Lilah, for instance, is killed only after being emotionally and physically weakened: The Beast has given her a wound that won't close (with a molten finger to the midsection),** and she's staying with her ex-boyfriend Wesley while they work to stop the Apocalypse (only sort-of-)together. Lilah was the gloriously sexual castrating legal-eagle bitch-goddess of Angel, but by her death midway through Season Four she'd been pummeled by an abusive coworker, let down none-too-gently by her XBF Wesley, and lived in a constant state of barely-concealed terror that Angel would harm her. Angel endured his share of torture on that show - far beyond it, actually - but Lilah's treatment at his hands was sometimes downright cruel. He'd have killed her (as Angelus), given the chance - but then Cordelia, or rather whatever demon was inhabiting Cordy's body, took care of that for him. Lilah was laid low before dying, running scared (like Jenny Calendar - no slouch herself). And even as villainess, Cordy was a victim; same for Lilah; same for Darla, whom Angel fucked 'til they were both blue in the face in Season Two and who came back huge with devil-child in S3 so she could kill herself in an alleyway. Did she find redemption? Why yes she did. Right before buying it while having a kid.
But then you might point out that pregnant Darla was also the most powerful being on the show in Season Three - able to toss Angel all over the place, empowered by the living thing inside her. She was Angel's craftiest foe, to whom he had the closest and most twisted relationship, and she came nearest to destroying him utterly - and far from being simply victimized by pregnancy, she was humanized by it, attaining in her final weeks an admirable complexity and humanness of character. By taking her own life, she embodied a feminist-poetic principle ill-suited to plain ol' structural analysis: there are costs that only women can bear, and in paying them strong women can acquire unique vision. Remember, Darla gets to come back briefly in Season Four to play the wise mother from beyond the grave, setting Connor against his then-lover, Cordelia. The kid doesn't stand a chance against one woman stewarding the next generation of Joss's creations; against two he's hopeless, a pinball. That scene - in which Darla fails to prevent Connor from completing a dark ritual that requires the blood of a virgin - sets the sacrifice up as women's work, in which loverboy is just a pawn. A fighter so strong he can beat Angel and his pals in a brawl, but unlike Darla and Cordy he's slave to his adolescent impulses. Two of the three will end up dead, but they die as full-on combatants, agents, not just shells. From a narrative standpoint, Lilah is brought to the Hyperion Hotel just to die - she might easily have slunk off on her own. But the proximate function of her death is to force Wesley to decapitate her dead body - to make sure she doesn't come back a vampire - which is the respect accorded a warrior, not just a protective gesture by the sensitive ex-boyfriend.***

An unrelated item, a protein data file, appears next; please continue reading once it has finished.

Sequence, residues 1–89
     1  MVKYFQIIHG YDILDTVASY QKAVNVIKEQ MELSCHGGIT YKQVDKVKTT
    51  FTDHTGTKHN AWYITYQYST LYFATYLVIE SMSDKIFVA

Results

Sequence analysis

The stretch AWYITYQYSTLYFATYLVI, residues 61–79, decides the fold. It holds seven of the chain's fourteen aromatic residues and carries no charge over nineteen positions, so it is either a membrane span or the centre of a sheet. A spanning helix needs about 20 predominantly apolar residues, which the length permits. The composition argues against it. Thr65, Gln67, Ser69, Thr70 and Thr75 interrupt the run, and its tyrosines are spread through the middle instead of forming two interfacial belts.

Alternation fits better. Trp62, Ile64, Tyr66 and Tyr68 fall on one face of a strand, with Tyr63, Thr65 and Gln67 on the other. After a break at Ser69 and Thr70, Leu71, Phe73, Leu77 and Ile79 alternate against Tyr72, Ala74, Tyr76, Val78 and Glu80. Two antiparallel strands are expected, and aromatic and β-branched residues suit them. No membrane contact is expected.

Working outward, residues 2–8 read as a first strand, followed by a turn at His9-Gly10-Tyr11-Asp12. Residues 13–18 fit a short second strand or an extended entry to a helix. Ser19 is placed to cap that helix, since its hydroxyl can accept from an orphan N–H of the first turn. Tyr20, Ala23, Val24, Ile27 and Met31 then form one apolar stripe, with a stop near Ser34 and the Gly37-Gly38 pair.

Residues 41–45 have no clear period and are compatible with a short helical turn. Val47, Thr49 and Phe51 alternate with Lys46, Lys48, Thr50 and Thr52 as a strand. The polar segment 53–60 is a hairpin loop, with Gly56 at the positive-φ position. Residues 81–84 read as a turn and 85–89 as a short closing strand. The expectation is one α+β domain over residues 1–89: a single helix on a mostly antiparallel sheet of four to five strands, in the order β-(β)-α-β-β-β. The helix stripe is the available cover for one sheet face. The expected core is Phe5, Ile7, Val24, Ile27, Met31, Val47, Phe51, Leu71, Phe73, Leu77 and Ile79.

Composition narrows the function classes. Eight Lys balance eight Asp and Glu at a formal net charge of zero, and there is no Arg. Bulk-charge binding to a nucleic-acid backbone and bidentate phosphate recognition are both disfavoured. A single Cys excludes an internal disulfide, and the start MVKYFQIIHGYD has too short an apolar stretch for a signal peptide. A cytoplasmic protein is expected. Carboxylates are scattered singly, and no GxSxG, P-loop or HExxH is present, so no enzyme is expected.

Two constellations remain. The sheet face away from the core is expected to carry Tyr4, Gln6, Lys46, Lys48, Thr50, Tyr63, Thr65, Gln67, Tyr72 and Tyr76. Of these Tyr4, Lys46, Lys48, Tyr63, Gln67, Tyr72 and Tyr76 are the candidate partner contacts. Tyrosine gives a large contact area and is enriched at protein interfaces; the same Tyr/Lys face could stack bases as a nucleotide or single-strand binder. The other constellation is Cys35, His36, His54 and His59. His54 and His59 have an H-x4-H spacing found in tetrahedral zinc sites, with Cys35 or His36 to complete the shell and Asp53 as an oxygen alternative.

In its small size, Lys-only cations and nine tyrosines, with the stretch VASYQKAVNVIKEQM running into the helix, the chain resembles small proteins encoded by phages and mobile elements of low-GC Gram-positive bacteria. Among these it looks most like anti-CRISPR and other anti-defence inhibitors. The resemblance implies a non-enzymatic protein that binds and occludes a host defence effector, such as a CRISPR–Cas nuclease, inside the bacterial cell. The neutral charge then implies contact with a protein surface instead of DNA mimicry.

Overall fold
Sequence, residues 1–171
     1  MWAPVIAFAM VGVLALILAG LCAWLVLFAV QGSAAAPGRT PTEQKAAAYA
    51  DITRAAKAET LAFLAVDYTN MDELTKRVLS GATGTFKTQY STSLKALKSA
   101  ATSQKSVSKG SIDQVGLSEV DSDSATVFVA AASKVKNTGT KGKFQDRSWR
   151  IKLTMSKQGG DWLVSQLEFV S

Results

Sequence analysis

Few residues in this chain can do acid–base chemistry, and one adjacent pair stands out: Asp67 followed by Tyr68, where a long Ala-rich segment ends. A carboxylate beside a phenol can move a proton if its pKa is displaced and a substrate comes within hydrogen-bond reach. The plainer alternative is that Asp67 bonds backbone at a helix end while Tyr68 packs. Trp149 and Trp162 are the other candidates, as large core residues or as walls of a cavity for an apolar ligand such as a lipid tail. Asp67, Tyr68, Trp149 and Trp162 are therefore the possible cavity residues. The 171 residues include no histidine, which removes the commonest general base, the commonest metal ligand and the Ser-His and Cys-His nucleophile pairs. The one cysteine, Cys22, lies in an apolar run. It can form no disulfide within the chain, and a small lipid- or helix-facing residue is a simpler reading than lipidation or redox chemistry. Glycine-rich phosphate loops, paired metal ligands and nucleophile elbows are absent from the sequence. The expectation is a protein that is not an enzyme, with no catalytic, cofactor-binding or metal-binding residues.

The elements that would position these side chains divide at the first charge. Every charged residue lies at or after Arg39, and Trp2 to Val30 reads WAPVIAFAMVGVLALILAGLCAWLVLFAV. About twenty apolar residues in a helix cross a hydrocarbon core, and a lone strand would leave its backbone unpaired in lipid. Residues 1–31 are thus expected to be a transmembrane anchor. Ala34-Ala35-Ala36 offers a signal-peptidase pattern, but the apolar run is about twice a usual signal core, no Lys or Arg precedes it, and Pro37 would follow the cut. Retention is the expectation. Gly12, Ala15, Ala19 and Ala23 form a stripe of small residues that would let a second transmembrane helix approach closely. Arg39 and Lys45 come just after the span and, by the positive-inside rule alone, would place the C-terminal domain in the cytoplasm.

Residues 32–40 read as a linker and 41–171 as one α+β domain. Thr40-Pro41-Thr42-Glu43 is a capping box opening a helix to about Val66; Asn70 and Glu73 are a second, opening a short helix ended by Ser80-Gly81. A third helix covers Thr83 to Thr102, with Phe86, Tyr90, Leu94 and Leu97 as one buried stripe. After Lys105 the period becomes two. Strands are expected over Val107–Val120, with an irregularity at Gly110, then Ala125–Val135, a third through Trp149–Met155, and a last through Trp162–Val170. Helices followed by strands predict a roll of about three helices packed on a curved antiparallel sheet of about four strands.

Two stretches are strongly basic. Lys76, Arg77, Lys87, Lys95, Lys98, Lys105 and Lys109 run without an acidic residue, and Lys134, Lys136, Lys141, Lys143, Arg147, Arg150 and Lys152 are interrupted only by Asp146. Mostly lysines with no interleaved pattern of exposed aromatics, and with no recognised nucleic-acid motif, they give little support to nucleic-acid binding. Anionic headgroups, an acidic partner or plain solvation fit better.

So what about Fred? She's struck down and never even gets a chance to fight (though look too at her 'I'm not the damsel in distress, Wesley' speech). Why? For one, because that's what Joss's L.A. does to women in particular. (Remember the foolish, sympathetic actress in Angel's first season, who seeks eternal youth because she's been eaten up by Hollywood's ludicrous expectations for starlets? But then remember also Anne, who fights and survives and is last seen running a successful homeless shelter she once might have inhabited.) The opening of 'A Hole in the World' illustrates that standard trope: the nervous parents, promises that Fred'll be careful in L.A. Cut suddenly to an homage to Aliens: Fred with a flamethrower, destroying a nest full of demon eggs. And then she heads home to study them: science geek, badass, adorable Southern girl, and head of a freaky sci-fi laboratory. So why is she punished? (She asks this question herself, on her deathbed.) In part, to symbolically echo the circumstances under which was found (hiding in a cave, waiting for a knight in shining armour to save her - who turns out to be a vicious demon who can't love her). Fred makes reference in that final episode to those days in the cave, and that episode's ending hinges on the fact that Angel can't save Fred - or rather, by doing so, he'd kill hundreds of thousands of people, and he won't do that. (He thinks he can make that decision, but can't - a major character moment, handled beautifully by Whedon and Boreanaz.) They boys gallop off to do good, they inflict some violence, but the die was cast 'millions of years ago' - and so Wesley does literally the only helpful thing he can do in that situation, namely to make Fred comfortable in her last moments. Her final words: 'Why can't I stay?' And the answer the show seems to offer, in my reading, is: because she's the one everyone tried to protect. Deals have been struck, a System has been erected and perpetuated, and the casualty in such a situation is always the person everyone makes it their first priority to keep safe.
Fred's not the damsel in distress, but the guys of Angel seem at some level to want her to be just that. (The love of Angel's life certainly worked that way!)